Company directors and senior managers will find themselves under increasing scrutiny if work-related deaths happen as a result of gross corporate failures, following implementation of the Corporate Manslaughter and Corporate Homicide Act on Sunday (April 6).
Ahead of the Act’s introduction, fleet experts and safety organisations have been queuing to advise organisations to ensure they have in place robust policies and procedures to protect themselves against prosecution in the event of one of their at-work drivers being involved in a fatal road crash.
It is clear that the full weight of criminal law will be brought to bear on organisations in which standards have fallen far below what could have been reasonably expected, says the Royal Society for the Prevention of Accidents.
Meanwhile, Masterlease says that with juries involved in corporate manslaughter and corporate homicide cases being asked to consider the ‘attitude’ of an organisation towards risk, fleet and HR managers must review practice and policy as they can no longer take a reactive approach to health and safety.
Although individuals will not be liable under the new law, prosecutions for corporate manslaughter (in England, Wales and Northern Ireland) and corporate homicide (in Scotland) will look into management systems and practices across organisations.
Roger Bibbings, RoSPA’s occupational safety adviser, said: “If anyone dies as a result of gross corporate failings, directors who do not take safety seriously enough will find themselves in the firing line. Those organisations that have not assured themselves that they have proper corporate governance of safety in place need to take action.”
An organisation found guilty of the new offence will be liable to an unlimited fine, possibly up to 10% of annual turnover averaged over the previous three years. A publicity order could be imposed and a court may also, through a remedial order, require an organisation to take steps to address the failures behind the death.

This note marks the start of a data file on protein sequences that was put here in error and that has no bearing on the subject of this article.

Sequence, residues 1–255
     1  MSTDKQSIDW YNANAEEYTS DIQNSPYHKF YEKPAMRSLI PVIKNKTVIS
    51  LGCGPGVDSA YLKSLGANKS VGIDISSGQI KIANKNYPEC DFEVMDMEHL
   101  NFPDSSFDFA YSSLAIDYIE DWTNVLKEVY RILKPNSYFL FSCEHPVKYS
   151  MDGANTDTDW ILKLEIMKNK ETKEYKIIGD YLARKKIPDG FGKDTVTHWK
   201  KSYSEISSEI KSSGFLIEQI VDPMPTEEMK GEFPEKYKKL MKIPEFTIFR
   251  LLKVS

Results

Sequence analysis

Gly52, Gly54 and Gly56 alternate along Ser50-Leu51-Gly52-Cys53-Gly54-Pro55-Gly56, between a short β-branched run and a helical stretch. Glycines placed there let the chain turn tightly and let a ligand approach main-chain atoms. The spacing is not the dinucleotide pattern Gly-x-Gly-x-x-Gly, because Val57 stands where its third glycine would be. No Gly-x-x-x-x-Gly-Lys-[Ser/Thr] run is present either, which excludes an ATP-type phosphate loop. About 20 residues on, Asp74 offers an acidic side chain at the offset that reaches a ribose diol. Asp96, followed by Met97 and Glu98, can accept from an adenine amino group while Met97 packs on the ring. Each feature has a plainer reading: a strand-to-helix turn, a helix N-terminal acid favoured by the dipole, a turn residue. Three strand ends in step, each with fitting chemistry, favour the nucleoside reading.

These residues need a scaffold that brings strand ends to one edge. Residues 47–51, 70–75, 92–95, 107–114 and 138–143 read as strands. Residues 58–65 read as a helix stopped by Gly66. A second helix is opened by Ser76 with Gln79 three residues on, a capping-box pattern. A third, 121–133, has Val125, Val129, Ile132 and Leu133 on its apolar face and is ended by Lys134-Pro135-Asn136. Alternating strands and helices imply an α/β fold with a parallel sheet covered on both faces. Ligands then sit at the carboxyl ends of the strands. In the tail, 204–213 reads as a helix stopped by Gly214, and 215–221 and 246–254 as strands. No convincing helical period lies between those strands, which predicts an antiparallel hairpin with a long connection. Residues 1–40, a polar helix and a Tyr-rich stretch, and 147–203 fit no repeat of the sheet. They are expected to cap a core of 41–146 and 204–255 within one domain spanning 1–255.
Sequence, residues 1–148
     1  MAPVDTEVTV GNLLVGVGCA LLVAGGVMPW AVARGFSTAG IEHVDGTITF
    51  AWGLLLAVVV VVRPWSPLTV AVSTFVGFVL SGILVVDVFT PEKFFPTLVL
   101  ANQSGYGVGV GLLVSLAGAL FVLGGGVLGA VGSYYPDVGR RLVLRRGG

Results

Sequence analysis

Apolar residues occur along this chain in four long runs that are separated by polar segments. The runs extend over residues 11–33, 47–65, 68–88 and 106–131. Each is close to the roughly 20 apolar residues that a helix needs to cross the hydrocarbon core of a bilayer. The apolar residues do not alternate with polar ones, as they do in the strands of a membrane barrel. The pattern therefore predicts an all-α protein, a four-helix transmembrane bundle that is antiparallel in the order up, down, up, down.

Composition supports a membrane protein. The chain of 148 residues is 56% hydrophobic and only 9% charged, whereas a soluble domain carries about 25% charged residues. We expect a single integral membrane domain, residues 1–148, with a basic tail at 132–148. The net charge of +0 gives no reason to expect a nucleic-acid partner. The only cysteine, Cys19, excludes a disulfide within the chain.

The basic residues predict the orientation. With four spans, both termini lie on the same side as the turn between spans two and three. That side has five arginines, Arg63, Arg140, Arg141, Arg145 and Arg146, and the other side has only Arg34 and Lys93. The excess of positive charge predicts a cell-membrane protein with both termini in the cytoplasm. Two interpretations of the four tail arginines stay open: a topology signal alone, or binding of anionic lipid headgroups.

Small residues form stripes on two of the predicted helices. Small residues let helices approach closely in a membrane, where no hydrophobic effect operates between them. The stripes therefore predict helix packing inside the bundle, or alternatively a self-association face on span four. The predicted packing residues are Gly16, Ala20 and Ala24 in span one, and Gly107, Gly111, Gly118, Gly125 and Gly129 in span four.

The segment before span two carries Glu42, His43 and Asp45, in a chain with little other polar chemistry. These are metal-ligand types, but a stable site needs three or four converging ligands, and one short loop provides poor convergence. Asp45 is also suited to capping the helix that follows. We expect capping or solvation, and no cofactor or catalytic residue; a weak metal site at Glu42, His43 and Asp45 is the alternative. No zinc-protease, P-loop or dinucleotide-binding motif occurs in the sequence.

Gavin Jones, accident and rental service manager at Masterlease, said: “It is more important than ever that health and safety moves up the priority lists of all employers and becomes a part of the company culture.
“Companies that have a less stringent approach to fleet safety could find themselves facing serious charges if a driver is involved in a fatal road accident.”
Meanwhile, a surge in businesses taking steps to reduce their risk exposure in the light of the Act has been reported by fleet management company Arval.
Last October research by the company demonstrated that fleets were failing to implement at-work driving road safety measures on employees using their own cars on business.
Now, follow up research has highlighted that Arval’s message is getting through and some businesses seem to be taking steps to reduce their risk.
The new findings show that since the original ‘grey fleet’ research 46% of respondents are currently reviewing their fleet duty of care, and a further 22% have already completed a review. Of these 9% have not only completed a review but have already implemented the necessary changes.
The primary area of concern for own vehicle business driving was insurance and the new research shows that some companies have responded to this as 6% more businesses are now checking that drivers of non-company vehicles driven on company business have the correct insurance. There have also been improvements with regards to MoT certificate checking and vehicle service checks.
Meanwhile, RoadSafe, the automotive industry-backed road safety organisation, says HR directors have a key role to play in corporate decision-making, but when it comes to actually managing fleets, safety concerns do not always translate into initiatives to improve road safety.
It made the claim following research by Bosch into the uptake by fleets of electronic stability control. Thirty per cent of respondents reported that HR directors had a significant involvement in fleet management but, it seems, that although many believe it is important to ensure safe working conditions for employees by providing a safe vehicle, some are yet to take action.
RoadSafe’s Caroline Scurr said: “Whilst we are delighted to see that many fleets are taking their driving for work responsibilities seriously, there are still some managers sticking their heads in the sand. We encourage HR directors and other decision-makers who are yet to acknowledge the risks to take action now.”